Charter’s Spectrum Told to Stop Bashing T-Mobile’s 5G Home Internet Service




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Charter’s claims that T-Mobile’s 5G home internet service is “spotty” and “glitchy” go to far, according to the National Advertising Division, which recommended the cable TV provider modify or cease several claims against the wireless company.

The NAD, which is part of the BBB National Programs, ruled that two of its commercials and claims on its websites unfairly malign T-Mobile’s 5G home internet service. The crux of all of the claims is its cable-based internet service is both faster and more reliable than T-Mobile’s offering, something the NAD took issue with. The wireless carrier challenged the ads with the agency.

The back-and-forth underscores the intense rivalry brewing between 5G home internet and cable internet providers. In the last quarter, a vast majority of broadband growth came from the 5G home side, with some cable TV players actually losing internet customers. But the cable industry has maintained that 5G home internet offers an inferior service that’s less reliable than the higher end cable options.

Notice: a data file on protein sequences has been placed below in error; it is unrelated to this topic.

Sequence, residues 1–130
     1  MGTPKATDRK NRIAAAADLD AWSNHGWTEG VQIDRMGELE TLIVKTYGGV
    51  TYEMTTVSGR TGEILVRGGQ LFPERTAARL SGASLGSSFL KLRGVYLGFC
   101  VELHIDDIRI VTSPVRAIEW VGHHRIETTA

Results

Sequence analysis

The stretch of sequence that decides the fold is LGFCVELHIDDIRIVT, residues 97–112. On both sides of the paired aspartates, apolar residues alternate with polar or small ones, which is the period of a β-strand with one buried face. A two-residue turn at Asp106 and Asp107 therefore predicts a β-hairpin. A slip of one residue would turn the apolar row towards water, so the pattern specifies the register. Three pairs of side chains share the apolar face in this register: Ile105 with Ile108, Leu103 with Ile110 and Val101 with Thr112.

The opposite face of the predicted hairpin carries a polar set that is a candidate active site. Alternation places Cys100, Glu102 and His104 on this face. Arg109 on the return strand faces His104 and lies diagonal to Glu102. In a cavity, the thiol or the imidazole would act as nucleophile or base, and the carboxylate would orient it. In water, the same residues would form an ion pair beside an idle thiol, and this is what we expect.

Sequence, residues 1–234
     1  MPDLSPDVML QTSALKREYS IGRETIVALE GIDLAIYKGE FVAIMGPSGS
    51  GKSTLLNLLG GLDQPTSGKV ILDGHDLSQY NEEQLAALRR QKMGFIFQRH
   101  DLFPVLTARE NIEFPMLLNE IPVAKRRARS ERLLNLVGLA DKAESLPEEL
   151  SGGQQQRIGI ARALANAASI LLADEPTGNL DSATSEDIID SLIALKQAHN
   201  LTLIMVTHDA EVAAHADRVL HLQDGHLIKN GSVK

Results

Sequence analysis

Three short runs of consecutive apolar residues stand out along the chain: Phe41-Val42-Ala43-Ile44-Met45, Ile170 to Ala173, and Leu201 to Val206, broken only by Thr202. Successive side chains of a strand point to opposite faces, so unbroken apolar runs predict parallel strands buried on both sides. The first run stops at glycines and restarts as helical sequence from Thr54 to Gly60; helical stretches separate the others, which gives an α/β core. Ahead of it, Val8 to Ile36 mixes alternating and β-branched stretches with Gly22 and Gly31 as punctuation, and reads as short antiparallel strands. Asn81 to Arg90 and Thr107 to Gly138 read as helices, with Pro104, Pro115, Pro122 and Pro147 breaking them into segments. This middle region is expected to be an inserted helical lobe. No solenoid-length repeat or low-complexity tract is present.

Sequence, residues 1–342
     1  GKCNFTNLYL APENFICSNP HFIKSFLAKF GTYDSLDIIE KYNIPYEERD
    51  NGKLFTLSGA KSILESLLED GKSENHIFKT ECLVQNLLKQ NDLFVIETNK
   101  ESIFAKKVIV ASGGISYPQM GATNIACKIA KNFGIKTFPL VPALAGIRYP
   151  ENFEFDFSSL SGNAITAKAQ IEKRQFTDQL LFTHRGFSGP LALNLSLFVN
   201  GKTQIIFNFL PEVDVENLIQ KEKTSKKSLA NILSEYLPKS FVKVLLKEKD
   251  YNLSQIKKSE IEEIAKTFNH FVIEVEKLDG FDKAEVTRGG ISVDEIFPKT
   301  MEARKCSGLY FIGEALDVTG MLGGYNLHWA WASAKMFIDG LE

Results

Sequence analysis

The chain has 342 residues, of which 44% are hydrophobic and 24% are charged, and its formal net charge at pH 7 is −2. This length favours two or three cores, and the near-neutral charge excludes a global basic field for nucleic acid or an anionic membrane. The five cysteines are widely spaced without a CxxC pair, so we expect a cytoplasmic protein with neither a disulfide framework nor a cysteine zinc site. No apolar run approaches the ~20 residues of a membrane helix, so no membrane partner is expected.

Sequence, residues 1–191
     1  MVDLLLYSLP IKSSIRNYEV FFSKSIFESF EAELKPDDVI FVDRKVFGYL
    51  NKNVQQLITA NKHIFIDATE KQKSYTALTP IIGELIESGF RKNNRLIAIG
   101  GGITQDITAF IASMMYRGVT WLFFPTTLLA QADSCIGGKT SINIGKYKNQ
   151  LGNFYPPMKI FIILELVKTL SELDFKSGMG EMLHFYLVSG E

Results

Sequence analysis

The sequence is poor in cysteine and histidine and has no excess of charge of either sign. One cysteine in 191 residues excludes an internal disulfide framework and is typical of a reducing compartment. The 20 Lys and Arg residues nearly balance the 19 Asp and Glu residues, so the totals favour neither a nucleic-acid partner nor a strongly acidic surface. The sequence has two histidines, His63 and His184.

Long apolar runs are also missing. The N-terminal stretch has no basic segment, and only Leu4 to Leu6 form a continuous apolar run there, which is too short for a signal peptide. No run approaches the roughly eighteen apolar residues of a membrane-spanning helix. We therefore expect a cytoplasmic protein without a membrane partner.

Those criticisms haven’t dampened enthusiasm for 5G home internet, with consumers appreciating the easy installation process and straightforward pricing.

In a separate commercial, Charter suggested that T-Mobile could not adequately support five people in a single household. The NAD suggested the company modify the claim to note that there could be the possibility of a slowdown during peak times, a nuanced change the messaging.

The claims stem from an Ookla study that found that 20% of T-Mobile’s home internet customers didn’t receive broadband speeds during peak hours, but those customers largely use its slower 4G-based service. The speeds found in that study wouldn’t be sufficient for five people. T-Mobile offered its own study of internet speeds, but the NAD declined to use it.

The agency suggested Charter modify its comparisons to say it was comparing its service with T-Mobile’s home internet, and not its 5G home internet service, since T-Mobile’s offering includes home internet running on its slower 4G LTE network. It also told Charter to stop making the suggestion that the faster 5G home internet service is only available in metro areas, since it is offered in some rural communities. It’s a nuanced distinction that more points to the difference between T-Mobile’s 5G and 4G-based internet services.

The NAD also recommended Charter stop saying that T-Mobile home internet “fails to meet the demands of today’s average consumer usage.”

Charter said in a statement included in the NAD press release that it would comply with the agency’s recommendations.

Charter “welcomes NAD’s recognition of Charter’s right – with certain modifications – to distinguish its internet service from T-Mobile’s by touting product differences that provide meaningful benefits to consumers.”

A spokesman for Charter reiterated the statement. A spokesperson for T-Mobile wasn’t available for comment.

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